The price is, of course, an important factor in any camera decision. The retail prices at the time of the camera’s release place the model in the market relative to other models in the producer’s line-up and the competition. The E-30 was launched at a somewhat lower price (by 24 percent) than the E-3, which makes it more attractive for photographers on a tight budget. Usually, retail prices stay at first close to the launch price, but after several months, discounts become available. Later in the product cycle and, in particular, when the replacement model is about to appear, further discounting and stock clearance sales often push the camera price considerably down. Then, after the new model is out, very good deals can frequently be found on the pre-owned market.
The size of the sensor inside a digital camera is one of the key determinants of image quality. All other things equal, a large sensor will have larger individual pixel-units that offer better low-light sensitivity, wider dynamic range, and richer color-depth than smaller pixels in a sensor of the same technological generation. Moreover, a large sensor camera will give the photographer more control over depth-of-field in the image and, thus, the ability to better isolate a subject from the background. On the downside, larger sensors tend to be more expensive and lead to bigger and heavier cameras and lenses.
Both cameras under consideration feature a Four Thirds sensor and have a format factor (sometimes also referred to as "crop factor") of 2.0. Within the spectrum of camera sensors, this places the review cameras among the medium-sized sensor cameras that aim to strike a balance between image quality and portability. Both cameras feature a native aspect ratio (sensor width to sensor height) of 4:3.
Technology-wise, the E-30 uses a more advanced image processing engine (TruePic III+) than the E-3 (TruePic III), with benefits for noise reduction, color accuracy, and processing speed.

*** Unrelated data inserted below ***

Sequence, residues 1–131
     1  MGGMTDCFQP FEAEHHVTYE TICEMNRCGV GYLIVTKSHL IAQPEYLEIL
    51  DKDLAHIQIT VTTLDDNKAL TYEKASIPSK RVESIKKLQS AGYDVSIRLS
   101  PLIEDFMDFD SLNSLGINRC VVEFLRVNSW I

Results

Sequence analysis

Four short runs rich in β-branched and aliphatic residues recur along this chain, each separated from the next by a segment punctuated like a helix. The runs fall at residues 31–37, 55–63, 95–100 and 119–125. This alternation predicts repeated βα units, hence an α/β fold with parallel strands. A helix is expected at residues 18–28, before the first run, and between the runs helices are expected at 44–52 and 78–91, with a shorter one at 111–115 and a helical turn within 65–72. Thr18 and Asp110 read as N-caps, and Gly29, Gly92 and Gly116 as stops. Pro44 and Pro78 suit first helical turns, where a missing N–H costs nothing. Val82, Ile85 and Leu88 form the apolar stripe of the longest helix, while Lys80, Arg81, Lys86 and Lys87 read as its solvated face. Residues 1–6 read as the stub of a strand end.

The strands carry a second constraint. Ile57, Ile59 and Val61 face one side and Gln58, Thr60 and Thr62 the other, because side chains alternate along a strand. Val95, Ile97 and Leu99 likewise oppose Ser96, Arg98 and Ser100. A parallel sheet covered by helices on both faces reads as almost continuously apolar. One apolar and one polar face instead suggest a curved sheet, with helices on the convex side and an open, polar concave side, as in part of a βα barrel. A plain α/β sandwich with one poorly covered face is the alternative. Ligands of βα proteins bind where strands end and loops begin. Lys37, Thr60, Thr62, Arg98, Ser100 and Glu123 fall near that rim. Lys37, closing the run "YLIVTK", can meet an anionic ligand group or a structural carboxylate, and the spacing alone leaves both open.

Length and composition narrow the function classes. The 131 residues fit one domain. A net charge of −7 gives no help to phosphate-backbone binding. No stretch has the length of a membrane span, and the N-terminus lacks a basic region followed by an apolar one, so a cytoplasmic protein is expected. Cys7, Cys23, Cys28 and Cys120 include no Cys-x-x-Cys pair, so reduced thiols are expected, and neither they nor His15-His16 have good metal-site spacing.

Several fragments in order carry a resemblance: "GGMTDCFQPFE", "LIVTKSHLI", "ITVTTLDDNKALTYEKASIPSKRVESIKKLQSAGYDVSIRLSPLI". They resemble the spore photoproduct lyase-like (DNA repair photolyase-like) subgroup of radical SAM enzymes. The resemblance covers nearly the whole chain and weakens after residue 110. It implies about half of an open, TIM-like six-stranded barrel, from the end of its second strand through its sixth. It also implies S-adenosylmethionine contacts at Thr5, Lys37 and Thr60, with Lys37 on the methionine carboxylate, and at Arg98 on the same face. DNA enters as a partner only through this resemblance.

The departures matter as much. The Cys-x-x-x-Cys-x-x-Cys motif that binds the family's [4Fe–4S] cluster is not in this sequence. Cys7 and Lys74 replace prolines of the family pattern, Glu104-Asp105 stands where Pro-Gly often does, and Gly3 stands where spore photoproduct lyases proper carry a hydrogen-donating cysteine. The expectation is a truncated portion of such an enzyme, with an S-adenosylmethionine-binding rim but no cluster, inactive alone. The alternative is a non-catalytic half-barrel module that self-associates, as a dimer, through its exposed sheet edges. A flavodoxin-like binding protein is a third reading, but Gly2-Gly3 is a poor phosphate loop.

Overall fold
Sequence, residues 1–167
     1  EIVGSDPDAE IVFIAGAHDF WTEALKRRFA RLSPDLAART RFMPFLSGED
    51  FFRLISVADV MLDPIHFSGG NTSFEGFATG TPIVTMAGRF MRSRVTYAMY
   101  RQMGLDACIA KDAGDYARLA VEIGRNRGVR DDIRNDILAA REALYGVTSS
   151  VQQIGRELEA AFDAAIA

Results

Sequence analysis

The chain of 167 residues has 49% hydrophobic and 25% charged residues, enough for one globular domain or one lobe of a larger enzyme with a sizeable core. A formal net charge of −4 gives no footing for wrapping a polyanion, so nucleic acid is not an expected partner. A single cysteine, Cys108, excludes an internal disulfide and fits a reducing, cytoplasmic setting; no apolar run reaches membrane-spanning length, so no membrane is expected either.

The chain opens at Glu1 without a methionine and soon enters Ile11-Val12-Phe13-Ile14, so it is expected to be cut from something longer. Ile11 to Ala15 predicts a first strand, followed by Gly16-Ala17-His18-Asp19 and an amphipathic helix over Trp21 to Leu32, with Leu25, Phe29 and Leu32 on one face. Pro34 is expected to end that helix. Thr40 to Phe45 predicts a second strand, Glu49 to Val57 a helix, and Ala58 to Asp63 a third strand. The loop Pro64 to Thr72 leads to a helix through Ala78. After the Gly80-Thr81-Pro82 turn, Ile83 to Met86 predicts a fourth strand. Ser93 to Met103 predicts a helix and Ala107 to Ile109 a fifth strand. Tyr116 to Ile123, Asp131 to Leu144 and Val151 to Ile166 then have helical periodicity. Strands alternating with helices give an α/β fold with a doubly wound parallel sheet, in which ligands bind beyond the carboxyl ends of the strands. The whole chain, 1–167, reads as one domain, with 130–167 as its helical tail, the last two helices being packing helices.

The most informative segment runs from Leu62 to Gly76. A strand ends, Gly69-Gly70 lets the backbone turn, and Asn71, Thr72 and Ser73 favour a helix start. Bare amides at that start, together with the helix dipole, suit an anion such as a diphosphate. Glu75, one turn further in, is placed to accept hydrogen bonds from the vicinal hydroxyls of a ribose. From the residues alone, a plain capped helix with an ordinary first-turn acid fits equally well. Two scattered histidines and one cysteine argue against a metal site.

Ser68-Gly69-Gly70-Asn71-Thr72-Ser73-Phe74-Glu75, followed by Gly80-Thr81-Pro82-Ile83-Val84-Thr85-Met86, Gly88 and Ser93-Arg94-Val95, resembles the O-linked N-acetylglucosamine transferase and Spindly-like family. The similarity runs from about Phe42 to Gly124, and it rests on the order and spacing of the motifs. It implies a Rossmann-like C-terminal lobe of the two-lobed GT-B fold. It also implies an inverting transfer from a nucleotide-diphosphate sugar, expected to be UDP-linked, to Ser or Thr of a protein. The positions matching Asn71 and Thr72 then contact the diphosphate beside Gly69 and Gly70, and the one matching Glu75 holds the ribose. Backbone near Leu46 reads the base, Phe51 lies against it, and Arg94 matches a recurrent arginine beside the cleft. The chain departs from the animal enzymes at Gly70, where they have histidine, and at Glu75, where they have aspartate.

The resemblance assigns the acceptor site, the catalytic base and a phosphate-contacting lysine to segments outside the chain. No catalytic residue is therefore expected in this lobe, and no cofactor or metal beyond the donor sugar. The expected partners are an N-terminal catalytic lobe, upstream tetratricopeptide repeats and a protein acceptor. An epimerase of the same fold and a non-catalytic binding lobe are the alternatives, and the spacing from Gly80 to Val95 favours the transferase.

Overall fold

While the two cameras under review share the same sensor size, the E-30 offers a higher resolution of 12.2 megapixels, compared with 10 MP of the E-3. This megapixels advantage translates into a 11 percent gain in linear resolution. On the other hand, these sensor specs imply that the E-30 has a higher pixel density and a smaller size of the individual pixel (with a pixel pitch of 4.29μm versus 4.74μm for the E-3). However, it should be noted that the E-30 is a somewhat more recent model (by 1 year) than the E-3, and its sensor might have benefitted from technological advances during this time that at least partly compensate for the smaller pixel size.
The resolution advantage of the Olympus E-30 implies greater flexibility for cropping images or the possibility to print larger pictures. The maximum print size of the E-30 for good quality output (200 dots per inch) amounts to 20.2 x 15.1 inches or 51.2 x 38.4 cm, for very good quality (250 dpi) 16.1 x 12.1 inches or 41 x 30.7 cm, and for excellent quality (300 dpi) 13.4 x 10.1 inches or 34.1 x 25.6 cm. The corresponding values for the Olympus E-3 are 18.2 x 13.7 inches or 46.3 x 34.7 cm for good quality, 14.6 x 10.9 inches or 37.1 x 27.8 cm for very good quality, and 12.2 x 9.1 inches or 30.9 x 23.2 cm for excellent quality prints.